UA PLAYERS WHO RANK IN TOP 20 CAREER SCORING AND TOP 10 CAREER REBOUNDING
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Hill is 52 points from No. 20 career scoring leader Joe Noels, who had 1,409 points from 1976-80. He is 24 rebounds shy of No. 10 career rebounding leader Jordan Hill (no relation), who produced 763 from 2006-09.
Solomon Hill battled weight issues at the start of his career. Hill and teammate Kevin Parrom have missed March Madness twice in their careers, which is uncommon at Arizona in the last 30 years. Hill was a preseason Pac-12 Player of the Year candidate, but that honor looks like it will go to Cal’s Allen Crabbe instead.
Hill has battled through adversity at Arizona, but the Wildcats and Sean Miller are much better off with him on the roster. Any player who sticks it out for four years — a dying breed in college basketball — and overcomes difficulties like Hill and Parrom should have their name on a plaque at McKale Center.
Hill and Parrom join an impressive list of seniors who did not emerge as All-Americans but left their mark on the program. Among them: Ray Owes (career scoring average of only 9.8 points), Juwann McClellan (persevered through injuries and the passing of his father), Nic Wise (four head coaches in four years and a knee injury), and Kyle Fogg (a quiet leader who was not spectacular but was efficient).
Hill can potentially add his name to an elite group of Arizona players who rank among the top 20 scorers and top 10 rebounders in the program’s history. Only six have that honor: Al Fleming (1972-76), Bob Elliott (1973-77), Sean Elliott (1985-89), Anthony Cook (1985-89), Channing Frye (2001-05) and Michael Wright (1998-01).
Hill needs 52 points to catch Joe Nehls for the No. 20 spot on the career scoring list. Nehls had 1,409 points in his career. He needs only 24 rebounds to catch No. 10 rebounder Jordan Hill (no relation), who had 763 rebounds in his three-year career.
Hill will likely not achieve these marks tomorrow against ASU at McKale Center on Senior Day, but he can potentially reach these marks by the first or second game in the Pac-12 Tournament next week in Las Vegas.
Hill was Miller’s first recruit, bridging the transformation of the program from Lute Olson to the current regime. Hill committed to Olson out of Los Angeles Fairfax High School in 2008. When Olson announced his retirement, Hill changed his commitment to USC. Shortly after Miller’s hire in 2009, Hill switched his allegiance back to Arizona.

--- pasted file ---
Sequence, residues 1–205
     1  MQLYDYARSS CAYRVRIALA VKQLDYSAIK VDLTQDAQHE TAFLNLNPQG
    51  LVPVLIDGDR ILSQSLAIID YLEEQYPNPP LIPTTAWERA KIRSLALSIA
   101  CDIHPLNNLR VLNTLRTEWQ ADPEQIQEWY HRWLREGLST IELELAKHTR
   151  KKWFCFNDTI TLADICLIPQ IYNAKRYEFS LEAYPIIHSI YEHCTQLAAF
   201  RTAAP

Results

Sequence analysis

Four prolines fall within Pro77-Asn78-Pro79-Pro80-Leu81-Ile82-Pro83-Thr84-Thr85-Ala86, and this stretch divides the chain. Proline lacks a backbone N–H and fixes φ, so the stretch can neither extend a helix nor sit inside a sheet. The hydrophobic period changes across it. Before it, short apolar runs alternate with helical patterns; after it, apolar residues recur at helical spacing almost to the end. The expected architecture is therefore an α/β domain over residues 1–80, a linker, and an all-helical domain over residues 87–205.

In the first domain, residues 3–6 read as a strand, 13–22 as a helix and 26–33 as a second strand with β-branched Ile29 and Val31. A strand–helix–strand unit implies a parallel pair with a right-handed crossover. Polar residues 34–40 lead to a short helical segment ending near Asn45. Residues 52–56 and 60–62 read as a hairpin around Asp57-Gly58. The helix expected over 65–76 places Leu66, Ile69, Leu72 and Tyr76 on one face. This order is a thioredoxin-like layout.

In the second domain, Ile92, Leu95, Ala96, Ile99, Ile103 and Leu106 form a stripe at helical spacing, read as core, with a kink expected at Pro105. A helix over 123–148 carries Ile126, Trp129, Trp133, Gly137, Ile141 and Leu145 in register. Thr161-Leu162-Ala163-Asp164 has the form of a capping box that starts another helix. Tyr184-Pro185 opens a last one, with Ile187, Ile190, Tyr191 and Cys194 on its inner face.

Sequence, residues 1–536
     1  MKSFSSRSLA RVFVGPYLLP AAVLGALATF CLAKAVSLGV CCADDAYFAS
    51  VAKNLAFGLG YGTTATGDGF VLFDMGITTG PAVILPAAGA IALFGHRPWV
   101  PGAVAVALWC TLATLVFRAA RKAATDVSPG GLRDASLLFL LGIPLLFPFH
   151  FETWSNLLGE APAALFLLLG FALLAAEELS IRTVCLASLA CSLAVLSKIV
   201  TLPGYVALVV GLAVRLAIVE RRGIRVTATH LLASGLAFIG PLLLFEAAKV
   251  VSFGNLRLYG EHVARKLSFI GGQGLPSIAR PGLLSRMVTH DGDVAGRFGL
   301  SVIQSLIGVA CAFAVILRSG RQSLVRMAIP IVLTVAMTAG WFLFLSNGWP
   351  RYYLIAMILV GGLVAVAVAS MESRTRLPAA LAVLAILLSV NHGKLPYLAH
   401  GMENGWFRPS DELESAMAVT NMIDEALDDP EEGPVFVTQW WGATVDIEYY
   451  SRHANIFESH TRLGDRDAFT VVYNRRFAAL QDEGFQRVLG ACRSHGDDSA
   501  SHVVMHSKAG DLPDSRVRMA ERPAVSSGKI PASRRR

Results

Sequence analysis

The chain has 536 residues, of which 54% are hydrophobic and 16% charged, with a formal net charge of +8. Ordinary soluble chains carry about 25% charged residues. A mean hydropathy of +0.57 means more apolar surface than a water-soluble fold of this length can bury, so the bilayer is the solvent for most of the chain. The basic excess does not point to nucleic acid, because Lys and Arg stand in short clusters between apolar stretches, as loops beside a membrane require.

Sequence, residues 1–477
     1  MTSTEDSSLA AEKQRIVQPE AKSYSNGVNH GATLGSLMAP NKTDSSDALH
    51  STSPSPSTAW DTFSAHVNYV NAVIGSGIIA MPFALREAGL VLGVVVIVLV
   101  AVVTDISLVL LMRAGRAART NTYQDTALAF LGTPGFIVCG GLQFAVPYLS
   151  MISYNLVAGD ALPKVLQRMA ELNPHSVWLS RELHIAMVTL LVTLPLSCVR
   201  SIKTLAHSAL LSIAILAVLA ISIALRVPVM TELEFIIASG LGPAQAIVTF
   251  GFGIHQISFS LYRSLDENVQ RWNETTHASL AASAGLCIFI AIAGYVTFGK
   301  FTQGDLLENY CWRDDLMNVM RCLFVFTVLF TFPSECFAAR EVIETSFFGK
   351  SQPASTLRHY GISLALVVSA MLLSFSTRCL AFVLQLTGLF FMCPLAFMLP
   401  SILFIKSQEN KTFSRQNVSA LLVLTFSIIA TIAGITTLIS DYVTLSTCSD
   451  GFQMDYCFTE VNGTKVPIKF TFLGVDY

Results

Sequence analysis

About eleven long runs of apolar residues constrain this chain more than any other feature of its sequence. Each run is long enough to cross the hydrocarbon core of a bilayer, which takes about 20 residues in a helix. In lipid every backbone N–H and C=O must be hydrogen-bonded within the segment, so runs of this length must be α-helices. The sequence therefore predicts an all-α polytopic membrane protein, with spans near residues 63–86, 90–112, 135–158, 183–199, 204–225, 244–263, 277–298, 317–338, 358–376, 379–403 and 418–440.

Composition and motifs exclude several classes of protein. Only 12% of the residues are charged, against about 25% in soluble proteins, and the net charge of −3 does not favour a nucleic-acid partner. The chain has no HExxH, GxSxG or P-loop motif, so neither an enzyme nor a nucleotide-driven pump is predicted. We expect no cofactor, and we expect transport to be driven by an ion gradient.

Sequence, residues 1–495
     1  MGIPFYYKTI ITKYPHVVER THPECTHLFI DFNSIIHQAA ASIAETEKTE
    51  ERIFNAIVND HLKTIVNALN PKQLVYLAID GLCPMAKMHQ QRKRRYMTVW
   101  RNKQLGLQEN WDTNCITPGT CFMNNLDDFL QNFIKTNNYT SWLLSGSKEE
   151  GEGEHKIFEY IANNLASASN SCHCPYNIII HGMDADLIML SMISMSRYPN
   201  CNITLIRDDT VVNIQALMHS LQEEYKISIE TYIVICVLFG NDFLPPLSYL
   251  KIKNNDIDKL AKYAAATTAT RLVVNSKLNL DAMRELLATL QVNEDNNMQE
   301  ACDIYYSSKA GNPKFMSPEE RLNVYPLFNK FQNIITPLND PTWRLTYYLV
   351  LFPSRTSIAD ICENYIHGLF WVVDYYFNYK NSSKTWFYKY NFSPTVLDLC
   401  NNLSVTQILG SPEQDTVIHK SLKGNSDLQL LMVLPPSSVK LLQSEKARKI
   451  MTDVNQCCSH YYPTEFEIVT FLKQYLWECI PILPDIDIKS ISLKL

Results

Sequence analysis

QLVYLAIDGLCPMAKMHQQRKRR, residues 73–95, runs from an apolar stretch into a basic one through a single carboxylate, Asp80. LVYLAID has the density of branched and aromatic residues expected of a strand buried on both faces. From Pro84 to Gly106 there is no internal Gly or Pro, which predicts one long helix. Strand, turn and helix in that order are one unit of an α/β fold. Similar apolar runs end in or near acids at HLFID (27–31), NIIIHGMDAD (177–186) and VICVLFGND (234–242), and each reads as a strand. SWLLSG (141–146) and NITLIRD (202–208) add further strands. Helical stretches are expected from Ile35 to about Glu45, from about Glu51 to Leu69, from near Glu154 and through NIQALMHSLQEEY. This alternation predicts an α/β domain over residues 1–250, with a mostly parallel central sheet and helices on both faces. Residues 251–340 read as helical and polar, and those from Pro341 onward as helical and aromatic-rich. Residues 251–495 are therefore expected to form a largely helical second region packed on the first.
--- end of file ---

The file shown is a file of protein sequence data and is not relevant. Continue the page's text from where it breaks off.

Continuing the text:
“I think he thought he was going to be here about six months,” Miller said in the accompanying CBS video about Hill’s NBA aspirations upon arriving at Arizona. “He (thought he) was going to be a lottery pick, hands down and probably a Pac-10 Player of the Year at that time.
“I don’t see that as a knock on Solomon. It’s just the way of the world.”
Parrom’s world has also been turbulent during his four years at Arizona. Aside from his foot injuries, being shot in the leg last school year and the deaths of his mother, grandfather and grandmother, Parrom has mostly played off the bench during his Wildcat career.
It was not until the second half of this season that Parrom became a regular starter.
That’s not easy to take for a guy from the Bronx, who has shown flashes of his intense mannerisms in brushes with former ASU players Ty Abbott and Derek Glasser and a flagrant foul this year against Washington State guard DeVonte Lacy. Instead of sulking and showing anger for having to be the sixth man for most of his career, Parrom has been a consummate team player and leader figure for Miller and the Wildcats.
Parrom told Bruce Pascoe of The Arizona Daily Star he plans to petition the NCAA for a fifth year of eligibility because of the games missed while nursing his foot injuries and the gunshot wound to his right leg during a home invasion in the Bronx in September 2011.
He gets his character from his late mother Lisa Williams, who died of cancer a month after he was shot. Parrom has stated that his mother had the will to win despite the adversity.
“She didn’t like us losing. When she was alive it was, ‘You know, Kev, what you guys doing losing all these games?’ … ” Parrom told Pascoe.
“I always remember that. She got on me for that especially when I was younger. I think that’s why I play so hard now.”
Hill, Parrom and fellow senior Mark Lyons have had their share of difficulties this season. Many fans have been critical of Arizona overall after the Wildcats have lost four of their last seven games.
Overriding all that noise is the fact that Hill, Parrom and Lyons joined the Wildcat program with the hopes of making it one of the elite again. Hill and Parrom especially have never shown a sense of entitlement during their four-year Arizona careers.
“The way it is today, if things don’t work out right away, it’s the coach’s fault,” Miller said in the CBS video. “It’s the staff’s fault. It’s the style of play. It’s the teammates … any excuse you can think of, and it’s time to run. It’s time to find another place.
“Solomon has stuck with it. And although I am sure there are times he wishes things were different and success would have come more often, success early was there. It just wasn’t the level that he is experiencing now.”
Site publisher, writer and editor Javier Morales is a former Arizona Press Club award winner